June 3, 2015

Why The Privatization Of America’s Police Is Such A Dangerous Trend. Though a potent effort to silence dissent is underway in the US, directly doing so would be a flagrant breach of constitutional rights. And so the ostensible explanations for tactically-geared police at peaceful protests and insidious surveillance programs fall under nebulous terms like protecting public safety, keeping the peace or national security. But when Kinder Morgan wanted to push through construction of a controversial gas pipeline, it felt no need for such pretenses—and its justification for hiring off-duty police officers highlights disturbing implications of a dubious national trend: the privatization of American police. Center for Research on Globalization

VA: Road to Ruin: A Cruise Down the Mythical Public-Private Partnership. Over the weekend, The Washington Post brought us another true tale of what a scam “public-private partnerships” can turn out to be, and how it’s usually the “public” half of these enterprises that takes it in the neck.….Handing what we used to call The Commons over to private enterprises — especially private enterprises operating in the ethical wasteland of modern American corporations — doesn’t work. It is an invitation for the wolverines who run such enterprises to steal as much of the public treasury as they can and then stick us with the bill when they inevitably fail, because these corporations are not about building things. They’re about abetting the transfer of money upwards, to a stockholder class. They are vehicles for the financial services industry.   Esquire

NY: Contract With Rikers Health Provider to Be Terminated. A private health care company that has been criticized for doing such a poor job at the Rikers Island jail complex that its medical performance contributed to several inmate deaths is expected to lose its contract with New York City, according to two high-ranking city officials. Corizon, a for-profit company based in Brentwood, Tenn., with a three-year, $126 million contract to run the jails, has been accused by state investigators of repeatedly neglecting and improperly treating inmates, playing a role in at least a dozen deaths at Rikers. In one case that the State Commission of Correction found to “shock the conscience,” an inmate was left dying untreated for six days while uniformed officers, doctors, mental health clinicians and nurses made 57 visits to his cell without assisting him. New York Times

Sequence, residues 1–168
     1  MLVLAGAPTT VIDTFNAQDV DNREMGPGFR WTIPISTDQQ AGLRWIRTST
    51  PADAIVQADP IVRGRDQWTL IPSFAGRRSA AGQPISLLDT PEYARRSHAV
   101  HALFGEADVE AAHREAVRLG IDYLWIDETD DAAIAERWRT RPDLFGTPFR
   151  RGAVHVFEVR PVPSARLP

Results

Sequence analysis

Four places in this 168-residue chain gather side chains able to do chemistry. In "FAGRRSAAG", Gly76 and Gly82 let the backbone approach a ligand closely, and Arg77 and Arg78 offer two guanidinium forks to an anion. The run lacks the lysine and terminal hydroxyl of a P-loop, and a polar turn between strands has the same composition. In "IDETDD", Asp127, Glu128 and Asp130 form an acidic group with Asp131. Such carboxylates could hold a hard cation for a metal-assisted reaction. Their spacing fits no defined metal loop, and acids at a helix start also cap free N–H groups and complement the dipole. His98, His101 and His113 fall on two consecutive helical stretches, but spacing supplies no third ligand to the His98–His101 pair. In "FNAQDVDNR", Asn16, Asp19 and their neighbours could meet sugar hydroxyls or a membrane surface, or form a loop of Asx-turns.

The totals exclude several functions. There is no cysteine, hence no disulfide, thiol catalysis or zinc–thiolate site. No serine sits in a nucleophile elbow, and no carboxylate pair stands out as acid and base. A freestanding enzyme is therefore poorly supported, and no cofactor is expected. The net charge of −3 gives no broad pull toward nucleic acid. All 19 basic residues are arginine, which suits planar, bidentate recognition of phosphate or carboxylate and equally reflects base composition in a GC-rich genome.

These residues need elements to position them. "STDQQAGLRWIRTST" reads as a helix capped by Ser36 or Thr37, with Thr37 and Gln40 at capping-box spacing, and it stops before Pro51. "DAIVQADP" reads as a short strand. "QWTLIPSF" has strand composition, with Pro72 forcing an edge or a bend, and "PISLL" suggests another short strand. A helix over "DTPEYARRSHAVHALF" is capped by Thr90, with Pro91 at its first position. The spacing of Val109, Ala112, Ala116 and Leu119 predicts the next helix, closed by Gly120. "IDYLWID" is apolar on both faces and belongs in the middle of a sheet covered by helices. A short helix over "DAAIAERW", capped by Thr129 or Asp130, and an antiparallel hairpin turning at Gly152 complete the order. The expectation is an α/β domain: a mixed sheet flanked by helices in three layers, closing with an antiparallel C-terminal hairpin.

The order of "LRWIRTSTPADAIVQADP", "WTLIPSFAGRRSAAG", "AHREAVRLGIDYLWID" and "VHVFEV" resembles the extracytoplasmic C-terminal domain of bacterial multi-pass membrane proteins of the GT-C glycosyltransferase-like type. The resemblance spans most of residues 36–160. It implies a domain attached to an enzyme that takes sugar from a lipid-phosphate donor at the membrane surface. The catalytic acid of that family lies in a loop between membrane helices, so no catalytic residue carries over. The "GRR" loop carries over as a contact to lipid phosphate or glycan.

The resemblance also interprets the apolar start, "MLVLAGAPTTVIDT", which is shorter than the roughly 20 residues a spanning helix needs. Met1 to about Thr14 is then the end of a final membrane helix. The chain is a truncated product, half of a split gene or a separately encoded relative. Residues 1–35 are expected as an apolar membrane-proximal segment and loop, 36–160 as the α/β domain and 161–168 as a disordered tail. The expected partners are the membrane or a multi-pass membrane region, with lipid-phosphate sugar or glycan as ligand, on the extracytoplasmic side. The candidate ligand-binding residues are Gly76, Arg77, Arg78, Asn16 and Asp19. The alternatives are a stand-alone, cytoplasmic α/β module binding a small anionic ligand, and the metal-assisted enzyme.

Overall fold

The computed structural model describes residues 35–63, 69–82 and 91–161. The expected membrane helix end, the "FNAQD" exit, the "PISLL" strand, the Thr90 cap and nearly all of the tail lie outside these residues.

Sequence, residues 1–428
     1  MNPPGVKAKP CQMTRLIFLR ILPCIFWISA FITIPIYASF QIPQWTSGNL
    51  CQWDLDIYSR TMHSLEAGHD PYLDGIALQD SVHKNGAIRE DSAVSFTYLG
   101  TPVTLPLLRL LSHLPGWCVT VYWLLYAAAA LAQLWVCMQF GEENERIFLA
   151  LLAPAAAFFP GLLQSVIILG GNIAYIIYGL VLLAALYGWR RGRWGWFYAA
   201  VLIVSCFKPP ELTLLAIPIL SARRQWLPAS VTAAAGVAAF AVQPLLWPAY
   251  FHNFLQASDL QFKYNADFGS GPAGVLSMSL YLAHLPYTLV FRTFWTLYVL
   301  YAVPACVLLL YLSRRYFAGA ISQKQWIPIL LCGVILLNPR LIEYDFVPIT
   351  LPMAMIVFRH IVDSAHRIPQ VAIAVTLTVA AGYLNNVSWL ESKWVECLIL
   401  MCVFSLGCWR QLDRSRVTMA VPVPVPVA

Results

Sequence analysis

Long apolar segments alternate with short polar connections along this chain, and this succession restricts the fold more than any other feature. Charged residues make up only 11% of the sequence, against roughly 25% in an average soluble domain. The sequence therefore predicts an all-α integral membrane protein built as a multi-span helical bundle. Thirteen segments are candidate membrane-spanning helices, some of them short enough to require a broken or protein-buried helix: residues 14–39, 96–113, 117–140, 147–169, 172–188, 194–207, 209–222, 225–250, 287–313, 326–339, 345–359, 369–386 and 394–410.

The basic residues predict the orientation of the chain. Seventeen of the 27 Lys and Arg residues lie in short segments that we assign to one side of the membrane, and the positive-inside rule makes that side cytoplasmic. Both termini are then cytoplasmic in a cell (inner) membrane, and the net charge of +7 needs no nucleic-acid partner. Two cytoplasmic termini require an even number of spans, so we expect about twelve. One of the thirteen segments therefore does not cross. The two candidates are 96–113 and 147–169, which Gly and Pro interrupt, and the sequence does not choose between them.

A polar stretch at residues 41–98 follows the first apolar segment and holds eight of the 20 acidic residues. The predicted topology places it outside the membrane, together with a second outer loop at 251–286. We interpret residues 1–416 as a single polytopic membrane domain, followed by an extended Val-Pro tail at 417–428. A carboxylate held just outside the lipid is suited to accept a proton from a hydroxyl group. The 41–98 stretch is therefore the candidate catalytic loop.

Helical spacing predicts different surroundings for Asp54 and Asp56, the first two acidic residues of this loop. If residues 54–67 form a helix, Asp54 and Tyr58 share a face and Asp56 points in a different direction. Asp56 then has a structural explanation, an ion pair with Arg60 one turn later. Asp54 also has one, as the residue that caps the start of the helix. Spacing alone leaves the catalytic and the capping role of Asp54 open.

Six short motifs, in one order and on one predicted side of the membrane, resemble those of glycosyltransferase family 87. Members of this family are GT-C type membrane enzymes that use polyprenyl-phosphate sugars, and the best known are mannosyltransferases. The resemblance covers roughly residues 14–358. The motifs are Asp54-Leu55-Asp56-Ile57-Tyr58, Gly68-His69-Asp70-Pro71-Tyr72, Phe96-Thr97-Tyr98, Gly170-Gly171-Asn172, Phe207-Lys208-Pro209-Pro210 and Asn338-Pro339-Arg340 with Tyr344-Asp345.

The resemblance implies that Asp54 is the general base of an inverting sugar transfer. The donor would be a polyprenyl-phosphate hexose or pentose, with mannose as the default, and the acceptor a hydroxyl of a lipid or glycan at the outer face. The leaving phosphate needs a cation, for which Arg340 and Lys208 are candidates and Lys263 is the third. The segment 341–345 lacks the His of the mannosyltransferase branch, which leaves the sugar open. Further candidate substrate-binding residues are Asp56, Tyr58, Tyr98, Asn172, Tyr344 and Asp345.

NC: Commentary: The ongoing push to privatize public education in the state budget….The state budget increases funding to the completely unaccountable school voucher scheme that diverts $7 million from public schools to private and religious academies with no requirements at all on how they spend the money or what they teach.   NC Policy Watch

TN: Hamilton County looking into privatizing all local jails. Hamilton County Mayor Jim Coppinger says the county is going to seek a consultant to look into privatization of the county’s jails. . . . The county’s contract with Corrections Corporation of America, which operates the Silverdale facility, runs out in April next year. And Coppinger said he’s been talking to CCA about taking over all of the county’s jails. “We are looking at total privatization of our jails and our Silverdale workhouse,” Coppinger told commissioners. Chattanooga Times Free Press

TX: Texas legislature leaves without stopping toll roads. The 84th session of the Texas legislature just concluded yesterday, but the fallout will be felt by taxpayers for decades to come. Over 75 bills were filed to replace or curtail tolling or to make it more transparent and accountable. When factoring in property rights and efforts to restrict eminent domain abuse, the total came to 96. So with a pipeline full of bills should have sent a strong message to leadership that the taxpayers sent elected officials to Austin to significantly curb if not stop toll roads. But the momentum quickly came to a halt when only a handful of anti-toll bills got a hearing, and very few key bills passed. Of those that did, most were watered down. Examiner.com